If You Don’t Feel Challenged, You’re Not Paying Attention

I was pleased to receive the other day the following wry email:

You’ve inspired me since your presentation to our firm back in May. I used to be content with my drafting before I met you, but I now live in constant internal turmoil.

My correspondent’s state of mind comes as no surprise. To master contract language, first you have to discard traditional usages in favor of a more rigorous lexicon. Then when drafting any given contract, you have to decide what structure you wish to build and which materials are best suited to building it. Even when you’ve got a handle on the former task, the latter will always pose serious challenges—witness my own recent exertions in attempting to define Government Body and improve the AAA standard arbitration clause.

So mastering contract language, from the standpoint of both the individual and the organization, is a stern challenge requiring resources beyond the reach of many, or most.

It doesn’t come as a surprise that many buck this challenge by sticking their heads in the sand. When occasionally I contact an organization to offer some observations on their contract language, often I’m met with silence or studied indifference.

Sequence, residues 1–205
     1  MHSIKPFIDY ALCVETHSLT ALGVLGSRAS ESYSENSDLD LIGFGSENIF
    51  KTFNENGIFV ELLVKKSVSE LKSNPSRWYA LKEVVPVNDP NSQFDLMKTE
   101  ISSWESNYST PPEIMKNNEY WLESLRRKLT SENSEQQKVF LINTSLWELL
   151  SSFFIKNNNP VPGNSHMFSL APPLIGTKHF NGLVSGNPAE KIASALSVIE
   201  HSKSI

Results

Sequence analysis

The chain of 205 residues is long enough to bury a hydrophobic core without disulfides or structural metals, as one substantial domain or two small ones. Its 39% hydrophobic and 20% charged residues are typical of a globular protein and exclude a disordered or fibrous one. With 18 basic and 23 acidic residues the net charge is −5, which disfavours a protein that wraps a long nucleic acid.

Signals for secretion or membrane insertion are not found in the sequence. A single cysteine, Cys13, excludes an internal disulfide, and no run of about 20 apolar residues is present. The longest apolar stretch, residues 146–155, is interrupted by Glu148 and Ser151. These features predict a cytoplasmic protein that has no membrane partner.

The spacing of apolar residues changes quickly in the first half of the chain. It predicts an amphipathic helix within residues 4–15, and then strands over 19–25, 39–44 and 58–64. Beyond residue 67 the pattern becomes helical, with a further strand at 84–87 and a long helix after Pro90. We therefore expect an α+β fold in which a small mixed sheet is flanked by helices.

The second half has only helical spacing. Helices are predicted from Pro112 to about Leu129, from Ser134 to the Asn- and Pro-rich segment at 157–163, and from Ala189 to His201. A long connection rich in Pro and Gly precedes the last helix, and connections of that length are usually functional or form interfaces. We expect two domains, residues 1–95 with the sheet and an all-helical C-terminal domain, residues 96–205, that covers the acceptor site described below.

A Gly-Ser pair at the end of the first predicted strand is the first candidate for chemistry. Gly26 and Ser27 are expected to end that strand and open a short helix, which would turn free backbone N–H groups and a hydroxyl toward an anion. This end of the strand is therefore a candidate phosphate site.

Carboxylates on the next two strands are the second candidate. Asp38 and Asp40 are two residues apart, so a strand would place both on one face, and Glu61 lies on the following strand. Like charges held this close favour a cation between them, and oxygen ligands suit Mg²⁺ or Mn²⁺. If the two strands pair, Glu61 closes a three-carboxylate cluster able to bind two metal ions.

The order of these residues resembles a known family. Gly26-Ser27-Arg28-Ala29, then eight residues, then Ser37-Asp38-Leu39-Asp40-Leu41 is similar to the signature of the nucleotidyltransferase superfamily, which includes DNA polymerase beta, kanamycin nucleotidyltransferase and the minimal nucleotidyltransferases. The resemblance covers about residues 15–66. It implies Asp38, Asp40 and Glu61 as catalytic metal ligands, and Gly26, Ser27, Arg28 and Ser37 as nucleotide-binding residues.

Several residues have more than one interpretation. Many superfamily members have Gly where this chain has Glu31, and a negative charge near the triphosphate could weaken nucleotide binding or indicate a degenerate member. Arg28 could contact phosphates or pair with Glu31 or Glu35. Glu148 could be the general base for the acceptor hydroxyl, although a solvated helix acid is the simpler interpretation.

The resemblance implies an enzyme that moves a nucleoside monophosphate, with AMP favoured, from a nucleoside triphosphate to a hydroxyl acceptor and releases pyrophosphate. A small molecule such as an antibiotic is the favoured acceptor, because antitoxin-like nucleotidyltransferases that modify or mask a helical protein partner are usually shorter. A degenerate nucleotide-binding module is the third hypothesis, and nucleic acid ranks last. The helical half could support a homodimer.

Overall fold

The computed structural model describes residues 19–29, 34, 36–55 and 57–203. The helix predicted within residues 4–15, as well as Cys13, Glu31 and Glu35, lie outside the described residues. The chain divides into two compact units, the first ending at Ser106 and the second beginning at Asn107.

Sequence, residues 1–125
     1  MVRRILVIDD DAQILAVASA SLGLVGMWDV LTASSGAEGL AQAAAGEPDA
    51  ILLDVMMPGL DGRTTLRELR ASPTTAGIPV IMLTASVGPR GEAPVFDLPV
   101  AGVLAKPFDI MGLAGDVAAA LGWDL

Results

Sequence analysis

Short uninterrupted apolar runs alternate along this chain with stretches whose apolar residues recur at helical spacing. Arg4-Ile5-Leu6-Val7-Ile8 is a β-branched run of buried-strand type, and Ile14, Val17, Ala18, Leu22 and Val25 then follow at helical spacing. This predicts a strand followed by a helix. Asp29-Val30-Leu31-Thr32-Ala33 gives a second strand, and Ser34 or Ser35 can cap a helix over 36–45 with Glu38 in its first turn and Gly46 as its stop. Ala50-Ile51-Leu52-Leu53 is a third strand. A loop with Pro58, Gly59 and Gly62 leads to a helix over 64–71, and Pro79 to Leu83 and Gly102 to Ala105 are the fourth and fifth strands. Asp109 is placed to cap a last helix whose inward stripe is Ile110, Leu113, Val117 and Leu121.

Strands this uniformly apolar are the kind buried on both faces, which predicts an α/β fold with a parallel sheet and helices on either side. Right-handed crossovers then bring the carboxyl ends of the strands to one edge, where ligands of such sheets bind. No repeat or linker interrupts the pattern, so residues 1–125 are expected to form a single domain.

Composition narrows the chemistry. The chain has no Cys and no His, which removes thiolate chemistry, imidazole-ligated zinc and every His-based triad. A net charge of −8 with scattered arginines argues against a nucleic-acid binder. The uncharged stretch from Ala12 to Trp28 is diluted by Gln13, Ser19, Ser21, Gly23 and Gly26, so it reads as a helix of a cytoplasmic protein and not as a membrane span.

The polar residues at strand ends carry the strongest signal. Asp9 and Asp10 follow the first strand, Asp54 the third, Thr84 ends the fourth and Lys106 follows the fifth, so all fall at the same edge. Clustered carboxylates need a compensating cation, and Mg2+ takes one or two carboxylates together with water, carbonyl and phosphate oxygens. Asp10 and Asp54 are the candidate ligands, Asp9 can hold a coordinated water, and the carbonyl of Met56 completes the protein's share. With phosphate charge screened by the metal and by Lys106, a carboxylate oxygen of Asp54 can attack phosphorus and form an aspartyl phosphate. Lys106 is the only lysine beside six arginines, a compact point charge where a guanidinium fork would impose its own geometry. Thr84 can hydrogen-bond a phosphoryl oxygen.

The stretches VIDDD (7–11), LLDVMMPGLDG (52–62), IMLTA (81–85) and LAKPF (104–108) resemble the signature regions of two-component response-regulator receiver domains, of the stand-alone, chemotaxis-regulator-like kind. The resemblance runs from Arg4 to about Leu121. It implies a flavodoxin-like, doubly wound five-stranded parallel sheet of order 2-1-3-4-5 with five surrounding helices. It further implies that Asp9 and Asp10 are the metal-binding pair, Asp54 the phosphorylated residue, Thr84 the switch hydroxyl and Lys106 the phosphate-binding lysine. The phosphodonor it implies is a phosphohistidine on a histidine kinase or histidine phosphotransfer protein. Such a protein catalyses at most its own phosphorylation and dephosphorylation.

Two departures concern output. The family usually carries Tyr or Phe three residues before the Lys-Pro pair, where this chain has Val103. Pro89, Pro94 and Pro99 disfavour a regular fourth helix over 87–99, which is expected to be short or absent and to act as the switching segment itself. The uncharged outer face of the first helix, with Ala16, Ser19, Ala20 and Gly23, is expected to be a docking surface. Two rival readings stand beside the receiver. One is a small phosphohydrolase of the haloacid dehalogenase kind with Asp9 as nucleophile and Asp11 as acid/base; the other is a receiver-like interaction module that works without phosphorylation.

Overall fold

Acknowledging and managing the confusion caused by the gulf between the actual and the ideal in contract drafting is a more sensible tactic than running from it. Once you abandon your illusions regarding your traditional language, you can start taking meaningful steps toward better managing cost and risk.

About the author

Ken Adams is the leading authority on how to say clearly whatever you want to say in a contract. He’s author of A Manual of Style for Contract Drafting, and he offers online and in-person training around the world. He’s also chief content officer of LegalSifter, Inc., a company that combines artificial intelligence and expertise to assist with review of contracts.

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